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Great nature reserves to visit in March

Please join your local wildlife trust today

Please join your local wildlife trust today

Please join your local wildlife trust today

Posted: Monday 26th February 2018 by bbowtblog

Blackthorn by Kelly Thomas. Chaffinch by Margaret Holland. Primroses by Tristan Blaine.

With nearly 90 nature reserves to choose from in our three counties, which are the best to visit this month?

Here are our top reserves in Berks, Bucks and Oxon to visit during March - a time to discover spring flowers and listen out for birdsong. Why not make a day of it and take one of our Wild Walks to explore our reserves and the surrounding countryside. Or come along to a guided walk at some of the reserves and learn more about the wildlife and our work.

Let us know what wildlife you see when you visit our reserves. Share your photos of our reserves with us on Twitter and Facebook or upload them to our Flickr gallery.

Click on the photos below to go to the reserve webpage for more information and how to get there.


Decoy Heath

Take a stroll around this nature reserve near Aldermaston. Listen out for the melodious song of woodlarks singing and look out for secretive snipes. On warmer, spring days look out for reptiles basking in sunny patches.

Later in the year Decoy Heath is one of the best sites for dragonflies and damselflies in Berkshire. Make a note in your diary to come back in the summer!

Inkpen Crocus Field

Hundreds of thousands of wild crocuses fill this West Berkshire meadow each spring and they're starting to bloom now and should be at their best by mid-March.

The crocuses themselves are a bit of a mystery, no one knows for sure how they arrived here. Some say the Knights Templar crusaders brought them back from central Europe in the 12th century. Others suggest they are simply garden escapees that have thrived and established themselves. However they came to be here, the display they put on is something to behold.

Inkpen Crocus Field is very close to Inkpen Common nature reserve, a remnant of ancient heathland fringed with woodland that's filled with birdsong in spring. Both reserves are covered by the circular Inkpen Wild Walk.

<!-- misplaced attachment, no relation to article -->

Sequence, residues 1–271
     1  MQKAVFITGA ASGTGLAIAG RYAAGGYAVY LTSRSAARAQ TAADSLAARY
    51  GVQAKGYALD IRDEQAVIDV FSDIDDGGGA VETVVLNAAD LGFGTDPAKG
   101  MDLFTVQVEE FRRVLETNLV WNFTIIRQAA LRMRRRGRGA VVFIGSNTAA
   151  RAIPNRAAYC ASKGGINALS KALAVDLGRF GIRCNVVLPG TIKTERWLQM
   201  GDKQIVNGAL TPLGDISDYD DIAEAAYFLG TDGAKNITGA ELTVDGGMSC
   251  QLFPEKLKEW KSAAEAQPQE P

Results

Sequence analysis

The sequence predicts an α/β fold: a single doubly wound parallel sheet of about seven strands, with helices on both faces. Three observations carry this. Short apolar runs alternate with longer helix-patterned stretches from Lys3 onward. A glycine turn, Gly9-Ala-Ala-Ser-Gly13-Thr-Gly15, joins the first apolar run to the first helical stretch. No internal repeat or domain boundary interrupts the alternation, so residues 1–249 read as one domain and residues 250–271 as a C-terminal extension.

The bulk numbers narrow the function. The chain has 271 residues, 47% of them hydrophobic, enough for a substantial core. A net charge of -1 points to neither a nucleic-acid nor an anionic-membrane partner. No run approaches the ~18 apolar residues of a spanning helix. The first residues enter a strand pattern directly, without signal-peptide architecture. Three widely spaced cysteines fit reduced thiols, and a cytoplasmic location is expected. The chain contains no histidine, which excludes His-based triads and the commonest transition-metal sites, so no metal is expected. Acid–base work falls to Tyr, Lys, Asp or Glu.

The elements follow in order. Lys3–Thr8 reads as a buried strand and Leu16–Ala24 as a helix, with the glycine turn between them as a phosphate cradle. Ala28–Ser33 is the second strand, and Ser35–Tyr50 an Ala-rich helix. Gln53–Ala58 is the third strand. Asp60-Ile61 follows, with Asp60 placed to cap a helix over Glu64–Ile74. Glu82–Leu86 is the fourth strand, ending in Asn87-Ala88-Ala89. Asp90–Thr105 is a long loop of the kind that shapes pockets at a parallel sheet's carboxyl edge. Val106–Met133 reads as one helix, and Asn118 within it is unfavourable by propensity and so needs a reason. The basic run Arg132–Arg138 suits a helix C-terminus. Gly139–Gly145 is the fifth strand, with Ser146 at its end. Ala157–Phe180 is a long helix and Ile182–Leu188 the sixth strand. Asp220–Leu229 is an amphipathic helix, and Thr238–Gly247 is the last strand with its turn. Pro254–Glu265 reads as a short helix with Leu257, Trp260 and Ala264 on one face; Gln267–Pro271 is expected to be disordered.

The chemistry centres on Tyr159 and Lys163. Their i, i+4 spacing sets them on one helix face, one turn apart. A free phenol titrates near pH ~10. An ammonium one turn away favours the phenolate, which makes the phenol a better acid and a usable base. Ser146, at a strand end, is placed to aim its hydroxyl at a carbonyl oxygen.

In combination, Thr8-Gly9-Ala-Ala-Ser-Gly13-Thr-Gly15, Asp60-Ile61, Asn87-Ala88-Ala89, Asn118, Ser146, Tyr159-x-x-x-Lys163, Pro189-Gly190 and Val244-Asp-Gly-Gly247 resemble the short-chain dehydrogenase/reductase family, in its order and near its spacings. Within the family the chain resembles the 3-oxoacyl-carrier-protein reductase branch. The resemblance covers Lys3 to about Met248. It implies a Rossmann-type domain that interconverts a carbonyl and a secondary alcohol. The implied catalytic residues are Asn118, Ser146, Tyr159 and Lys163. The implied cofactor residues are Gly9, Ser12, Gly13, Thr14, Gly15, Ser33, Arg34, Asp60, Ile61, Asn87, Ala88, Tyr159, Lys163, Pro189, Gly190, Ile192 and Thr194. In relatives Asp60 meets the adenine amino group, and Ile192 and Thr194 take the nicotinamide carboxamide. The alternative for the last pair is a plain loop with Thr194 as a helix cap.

Dansersend with Pavis Woods

Dancersend has been a nature reserve since the 1940s. Once owned by the Rothschild family, the reserve is made up of woodland, scrub and chalk grassland.

In spring, listen out for birdsong in the woodland and look for the woodland flowers starting to flower and bring colour to the reserve. Dancersend reserve now includes Pavis Woods to the south, this is an area of mature beech woodland, scrub and recently planted woodland.

The Ridgeway National Trail passes through this section, so why not stop and explore while enjoying a longer walk. This fascinating reserve is on our circular Tring Park Wild Walk.

Rushbeds Wood

Explore Rushbeds Wood, near Bicester, by following the 1.5 mile circular wildlife walk. Look out for spring flowers in this ancient woodland.

Primroses, wood anemone and violets start to flower at this time of year, bringing colour to the woodland floor. Listen out for birdsong in the trees above you. The reserve is named after the rushes that grow in the damp areas, along with sedges and grasses. 


CS Lewis Nature Reserve

Tucked away behind houses on the edge of Oxford is CS Lewis Nature Reserve. Today's nature reserve was once the garden of author CS Lewis, and was the inspiration for his tales of Narnia.

Wander through the woodland to enjoy the tranquillity. Take a moment to pause by the pond, which is home to many water birds, including moorhen, coot and mallards. You may even be lucky enough to spot a kingfisher perched on a branch.

Peer into the pond to look for great jelly masses of frog spawn or, later in the spring, long strands of toad spawn. You can find out more about amphibians on our reserves in Mark's blog.

Wells Farm

Skylark by Stefan Johansson

Listen for skylarks singing high overhead at Wells Farm in Little Milton. Their melodic song pouring down from on high is one of the iconic sounds of the British countryside.

This working farm is a good place to look for corn buntings and yellowhammers, both farmland birds with declining populations. The farm is run in harmony with nature, striking a balance between farming wheat and barley and creating a thriving habitat for wildlife. Take the short, circular wildlife walk through the farm to explore it further.

Things to do

  • Read our top 10 wildlife sightings for March, how many will you see before the month is out?
  • Find a nature reserve near you with the Wildilfe Trusts' Nature Finder app for iphone and Android
  • Share your photos of our reserves with us on Twitter and Facebook or upload them to our Flickr gallery
  • Oxfordshire photographer Andrew Marshall's book Photographing wildlife in the UK (published by Fotovue) includes advice on how to take great wildlife photographs. The book includes top locations for photographing wildlife and some images that were taken on BBOWT nature reserves (Greenham Common, Chimney Meadows, Foxholes and College Lake).
  • Our experts work with over 1,400 volunteers to look after over 80 nature reserves, five education centres and run hundreds of amazing events. We rely on the generosity of individuals, charitable trusts and businesses. Help us look after these precious places for your local wildlife by donating today.
  • Sign up to our newsletter to stay up to date with wildlife news. 
  • Help BBOWT to maintain these precious havens for wildlife by becoming a volunteer.

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